Geographic Coverage: United States
Universe: Employees of organizations in the United States that had multi-generational department/work units with a minimum of 200 employees in the following five industry sectors: retail, pharmaceuticals, finance, health care, and higher education.
For further information on the Age and Generations Study, please visit the Sloan Center on Aging and Work Web site.
Study Purpose: The Age and Generations Study was designed to document employee and employer outcomes related to experiences of multi-generational teams in five industry sectors and to examine how the work relationships of these team members might change over time.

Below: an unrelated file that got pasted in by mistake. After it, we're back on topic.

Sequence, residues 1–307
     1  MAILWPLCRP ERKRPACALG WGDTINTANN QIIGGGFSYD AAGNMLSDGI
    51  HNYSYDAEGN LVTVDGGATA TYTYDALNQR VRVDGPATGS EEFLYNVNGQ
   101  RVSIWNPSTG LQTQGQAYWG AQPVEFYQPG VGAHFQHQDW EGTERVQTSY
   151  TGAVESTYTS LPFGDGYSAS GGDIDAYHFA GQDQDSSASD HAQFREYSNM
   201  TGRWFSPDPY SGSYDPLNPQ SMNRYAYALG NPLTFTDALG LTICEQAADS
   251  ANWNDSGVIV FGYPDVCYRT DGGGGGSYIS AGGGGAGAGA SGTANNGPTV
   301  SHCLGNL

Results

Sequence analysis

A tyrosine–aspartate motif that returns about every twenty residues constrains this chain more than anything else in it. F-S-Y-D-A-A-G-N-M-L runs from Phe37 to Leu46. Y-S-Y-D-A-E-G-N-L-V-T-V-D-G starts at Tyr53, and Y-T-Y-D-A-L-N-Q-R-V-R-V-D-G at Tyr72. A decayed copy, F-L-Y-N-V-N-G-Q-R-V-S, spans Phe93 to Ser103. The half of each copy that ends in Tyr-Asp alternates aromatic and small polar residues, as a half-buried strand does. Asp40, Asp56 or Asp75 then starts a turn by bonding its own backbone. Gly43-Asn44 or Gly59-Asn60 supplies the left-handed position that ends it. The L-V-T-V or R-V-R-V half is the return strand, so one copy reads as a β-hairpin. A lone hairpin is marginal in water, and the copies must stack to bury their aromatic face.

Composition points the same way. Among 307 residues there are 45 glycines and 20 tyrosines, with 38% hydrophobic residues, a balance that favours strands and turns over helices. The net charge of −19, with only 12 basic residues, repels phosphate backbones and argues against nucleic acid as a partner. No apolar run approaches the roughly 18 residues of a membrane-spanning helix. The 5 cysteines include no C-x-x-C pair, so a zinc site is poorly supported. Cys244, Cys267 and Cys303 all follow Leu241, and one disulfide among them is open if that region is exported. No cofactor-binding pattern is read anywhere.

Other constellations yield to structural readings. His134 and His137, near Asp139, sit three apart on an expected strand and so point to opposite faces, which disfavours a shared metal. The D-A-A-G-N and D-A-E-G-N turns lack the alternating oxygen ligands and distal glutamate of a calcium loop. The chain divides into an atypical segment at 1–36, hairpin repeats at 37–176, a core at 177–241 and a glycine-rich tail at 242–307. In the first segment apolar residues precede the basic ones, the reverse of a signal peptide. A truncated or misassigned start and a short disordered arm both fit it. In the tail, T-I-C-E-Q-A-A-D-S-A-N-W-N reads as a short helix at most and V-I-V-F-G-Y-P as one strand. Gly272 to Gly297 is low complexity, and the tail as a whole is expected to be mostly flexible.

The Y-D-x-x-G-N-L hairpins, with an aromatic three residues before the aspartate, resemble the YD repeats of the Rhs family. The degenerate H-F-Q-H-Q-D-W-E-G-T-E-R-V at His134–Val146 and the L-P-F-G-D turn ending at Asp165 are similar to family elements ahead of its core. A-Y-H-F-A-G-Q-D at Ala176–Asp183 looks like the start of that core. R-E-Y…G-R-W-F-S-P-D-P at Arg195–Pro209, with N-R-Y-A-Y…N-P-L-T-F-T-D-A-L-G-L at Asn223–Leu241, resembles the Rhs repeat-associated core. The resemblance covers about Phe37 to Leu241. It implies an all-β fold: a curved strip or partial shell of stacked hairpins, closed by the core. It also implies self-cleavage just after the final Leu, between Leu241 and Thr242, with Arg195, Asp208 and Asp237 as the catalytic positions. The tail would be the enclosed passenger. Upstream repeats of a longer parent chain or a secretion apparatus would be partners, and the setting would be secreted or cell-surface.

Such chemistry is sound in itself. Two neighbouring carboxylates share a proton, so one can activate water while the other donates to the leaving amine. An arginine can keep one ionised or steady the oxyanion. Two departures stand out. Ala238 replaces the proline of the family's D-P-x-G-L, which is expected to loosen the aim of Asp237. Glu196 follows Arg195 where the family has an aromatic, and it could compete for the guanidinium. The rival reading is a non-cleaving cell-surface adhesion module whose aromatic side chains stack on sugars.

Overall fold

Study Design: Organizations surveyed for this collection were in one of five industry sectors and had multi-generational department/work units with a minimum of 200 employees. Interested organizations assigned an individual, typically a director or manager in Human Resources, to serve as the liaison between the Center and the organization. The liaison completed an online survey asking for information about the organization, then was asked to choose 1 or 2 departments/units in their organization that had at least 100 employees to participate in the study. The manager of the business unit or department in the organization that agreed to participate in the study was asked to complete an online survey about that specific department. Employees in the selected department(s)/unit(s) were then invited to complete a survey during company time. The data were collected twice, with a minimum of a six month interval between the two data collection periods. Please refer to the Original P.I. Documentation in the ICPSR Codebook for additional information on study design.